National church staff and volunteers didn't have to guess whether congregations were ready for a new songbook -- they simply asked. And when a survey showed a vast majority of congregations using Voices United were ready for new music, creation of the More Voices supplement was put into motion in early 2004.
What congregations will get when the 225-song collection is published early next year is a mix that will likely challenge their sense of rhythm, push the edges of their theology and get them moving. The music will let them play a variety of instruments and sing in new languages.
"I just hope the church is ready to sing new songs," says Rev. Mark MacLean, the General Council staffperson who helped shepherd the project. So far, after testing at regional events and in about 500 congregations, response is "very positive." About 2,700 congregations will receive a 21-song sampler this month and have a chance to see and sing for themselves.With Kelowna, B.C.-based Wood Lake Books paying the book's $640,000 development costs as part of a joint venture agreement in return for a share of the profits, the business side of making More Voices was easy.The year-long process of seeking, testing and selecting songs from about 10,000 submissions was more daunting. That job fell to More Voices managing editor Bruce Harding and a development committee of 10 volunteers.
They were divided into sub-committees considering contemporary Christian music, Canadian content, global music and contemporary Euro- American songs.
Another "special focus" committee made sure areas such as feminist spirituality and creation theology were covered. After Harding pre-screened songs -- which arrived at the rate of hundreds per day for several weeks -- sub-committees would winnow their own hundreds down to 20 to 30. Then they took those "finalists" to three three-day development committee meetings. There, says MacLean, "they had a timer on the table and, bang, nine minutes per song. They would play it, sing it and come to consensus." Committees were only shown lyrics and music, so "they really had no idea whose music they were getting."
The result, almost finalized at the end of last year, is about 30 percent Canadian, with generous helpings of global music and what is called praise music -- songs that usually originate in the contemporary Christian music industry, with shorter lyric bases and melodies. There are also songs aimed at children and youth.
Harding says the development committee has discovered some "amazing" new songwriters. Overall, he thinks the collection has struck a good cultural, theological and musical balance. More Voices is the United Church answer to praise music "in some ways," says Harding. But it goes further and deeper.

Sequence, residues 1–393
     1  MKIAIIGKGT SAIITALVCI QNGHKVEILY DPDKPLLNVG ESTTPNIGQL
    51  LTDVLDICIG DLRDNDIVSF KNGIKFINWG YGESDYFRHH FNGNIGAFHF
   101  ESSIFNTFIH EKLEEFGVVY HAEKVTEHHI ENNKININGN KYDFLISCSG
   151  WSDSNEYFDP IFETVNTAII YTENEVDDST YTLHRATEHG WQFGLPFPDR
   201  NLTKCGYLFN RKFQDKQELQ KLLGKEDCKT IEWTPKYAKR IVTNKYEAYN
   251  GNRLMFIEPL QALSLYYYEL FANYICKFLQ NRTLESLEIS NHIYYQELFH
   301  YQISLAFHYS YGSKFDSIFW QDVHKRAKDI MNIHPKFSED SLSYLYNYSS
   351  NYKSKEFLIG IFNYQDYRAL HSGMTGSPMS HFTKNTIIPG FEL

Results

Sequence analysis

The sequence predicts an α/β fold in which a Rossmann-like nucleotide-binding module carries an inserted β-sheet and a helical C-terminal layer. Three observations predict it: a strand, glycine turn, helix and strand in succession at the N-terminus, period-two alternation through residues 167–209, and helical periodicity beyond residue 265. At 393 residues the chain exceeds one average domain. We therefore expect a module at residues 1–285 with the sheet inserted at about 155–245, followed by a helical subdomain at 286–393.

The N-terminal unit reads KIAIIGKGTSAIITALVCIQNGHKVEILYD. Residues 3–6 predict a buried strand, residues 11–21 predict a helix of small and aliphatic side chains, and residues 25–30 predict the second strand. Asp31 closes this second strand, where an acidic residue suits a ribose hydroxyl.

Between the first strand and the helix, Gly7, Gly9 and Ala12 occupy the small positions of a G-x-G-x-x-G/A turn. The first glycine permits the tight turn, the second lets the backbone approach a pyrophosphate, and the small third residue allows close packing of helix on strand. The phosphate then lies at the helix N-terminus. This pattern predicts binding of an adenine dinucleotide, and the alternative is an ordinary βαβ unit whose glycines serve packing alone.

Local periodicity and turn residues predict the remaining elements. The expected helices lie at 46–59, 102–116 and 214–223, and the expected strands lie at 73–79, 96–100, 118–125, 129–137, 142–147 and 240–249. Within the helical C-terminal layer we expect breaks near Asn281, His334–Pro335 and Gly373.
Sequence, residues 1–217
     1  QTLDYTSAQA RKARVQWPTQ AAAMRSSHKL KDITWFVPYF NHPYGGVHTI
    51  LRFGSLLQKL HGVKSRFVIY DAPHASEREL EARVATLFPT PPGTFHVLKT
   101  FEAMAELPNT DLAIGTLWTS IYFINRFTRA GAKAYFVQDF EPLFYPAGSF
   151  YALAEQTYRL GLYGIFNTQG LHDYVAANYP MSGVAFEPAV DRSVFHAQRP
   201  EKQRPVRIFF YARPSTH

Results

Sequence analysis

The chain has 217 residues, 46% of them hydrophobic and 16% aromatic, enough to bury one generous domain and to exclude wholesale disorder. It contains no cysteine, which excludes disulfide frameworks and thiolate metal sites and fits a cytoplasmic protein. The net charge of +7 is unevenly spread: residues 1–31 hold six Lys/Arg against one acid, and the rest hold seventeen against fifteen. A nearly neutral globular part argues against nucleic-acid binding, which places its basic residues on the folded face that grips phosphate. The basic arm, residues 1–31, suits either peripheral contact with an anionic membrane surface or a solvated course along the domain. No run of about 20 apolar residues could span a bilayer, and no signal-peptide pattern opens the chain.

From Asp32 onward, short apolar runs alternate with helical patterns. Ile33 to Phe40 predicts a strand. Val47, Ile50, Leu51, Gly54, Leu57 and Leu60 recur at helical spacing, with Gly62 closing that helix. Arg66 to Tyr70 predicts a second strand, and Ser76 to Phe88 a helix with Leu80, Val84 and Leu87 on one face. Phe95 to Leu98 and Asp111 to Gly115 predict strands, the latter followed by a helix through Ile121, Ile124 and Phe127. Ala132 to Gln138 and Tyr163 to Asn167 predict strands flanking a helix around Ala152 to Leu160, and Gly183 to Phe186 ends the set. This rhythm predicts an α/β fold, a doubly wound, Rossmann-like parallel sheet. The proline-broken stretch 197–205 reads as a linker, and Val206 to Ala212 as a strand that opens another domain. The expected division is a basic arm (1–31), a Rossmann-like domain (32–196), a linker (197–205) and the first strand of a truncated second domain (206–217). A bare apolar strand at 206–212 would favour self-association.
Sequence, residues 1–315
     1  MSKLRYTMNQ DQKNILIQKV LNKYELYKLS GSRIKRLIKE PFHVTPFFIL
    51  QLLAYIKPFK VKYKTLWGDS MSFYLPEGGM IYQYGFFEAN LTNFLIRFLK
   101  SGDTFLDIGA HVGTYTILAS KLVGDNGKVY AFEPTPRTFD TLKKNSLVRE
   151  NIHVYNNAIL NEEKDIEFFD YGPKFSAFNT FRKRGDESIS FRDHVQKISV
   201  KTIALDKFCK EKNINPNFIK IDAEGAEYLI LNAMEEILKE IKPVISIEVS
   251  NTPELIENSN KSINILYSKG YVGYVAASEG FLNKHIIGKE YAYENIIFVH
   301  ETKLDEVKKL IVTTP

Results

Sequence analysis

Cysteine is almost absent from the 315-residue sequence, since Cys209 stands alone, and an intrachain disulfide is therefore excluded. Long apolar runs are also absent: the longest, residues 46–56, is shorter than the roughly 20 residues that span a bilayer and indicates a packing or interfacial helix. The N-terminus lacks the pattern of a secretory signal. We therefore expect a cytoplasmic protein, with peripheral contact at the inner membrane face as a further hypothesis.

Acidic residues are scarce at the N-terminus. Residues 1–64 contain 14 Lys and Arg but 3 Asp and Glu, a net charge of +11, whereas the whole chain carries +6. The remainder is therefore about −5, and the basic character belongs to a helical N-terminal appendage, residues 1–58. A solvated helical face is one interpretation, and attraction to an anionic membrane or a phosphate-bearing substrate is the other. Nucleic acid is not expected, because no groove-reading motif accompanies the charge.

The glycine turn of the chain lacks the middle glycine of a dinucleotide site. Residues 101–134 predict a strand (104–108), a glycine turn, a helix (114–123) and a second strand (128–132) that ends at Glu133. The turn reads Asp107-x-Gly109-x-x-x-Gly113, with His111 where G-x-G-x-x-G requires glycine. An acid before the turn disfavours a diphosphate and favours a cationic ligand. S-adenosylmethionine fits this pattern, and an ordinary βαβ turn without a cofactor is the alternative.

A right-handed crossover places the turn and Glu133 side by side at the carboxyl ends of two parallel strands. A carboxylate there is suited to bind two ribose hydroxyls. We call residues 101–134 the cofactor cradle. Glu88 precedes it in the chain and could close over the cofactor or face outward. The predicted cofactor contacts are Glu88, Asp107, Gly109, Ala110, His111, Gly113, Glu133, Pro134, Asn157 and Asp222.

"There are many different expressions of spirituality, many musical forms," says Harding. More Voices tried "to find that balance, not to ram a particular theological vision down the church's throat but to celebrate the diversity of who we are as a church." While encouraging new and diverse instruments, the collection has not sidelined organists and choir directors, Harding says. More Voices' creators also make it clear that the book is a supplement to the 10- year-old Voices United, not a stand-alone hymnbook.
"Voices United... has really served our church well," says Harding, "but there's an ongoing thirst for new songs. It's a matter of encouraging people to find that balance of the old and new. And we're sunk if we don't have both."
While there's something for everyone, the amount of new music and styles ensures the supplement won't be bland. Even the supplement's cover, an abstract painting of a burning bush that appears on the sampler, is striking. An earlier, blander version was rejected. As for those world-beat rhythms, a planned "audio companion" CD and more regional workshops will help church musicians learn how to sing the supplement's new songs.
Following its release into congregations this month, the More Voices sampler will be used at spring Conference meetings; the official launch will take place at the General Council meeting this summer in Thunder Bay, Ont. The pew edition of the supplement is priced at $15 a copy, but pre-publication pricing of $13.50 is available any time up to Nov. 15, with full payment for hymnbooks ordered. The books will be printed and delivered by this time next year.
Plans call for print runs of 150,000 books in the supplement's first three years. According to project forecasts, that should garner $884,000 in profit, shared between the church and Wood Lake Books.
As well as the Voices United launch at General Council, MacLean is hoping there will also be introductions "at the grassroots level" of the church.
"As far as I'm concerned," he says, "this resource has come out of deep listening to the church.... These are very much songs from different and diverse communities, and we want to give those songs back to those local communities."
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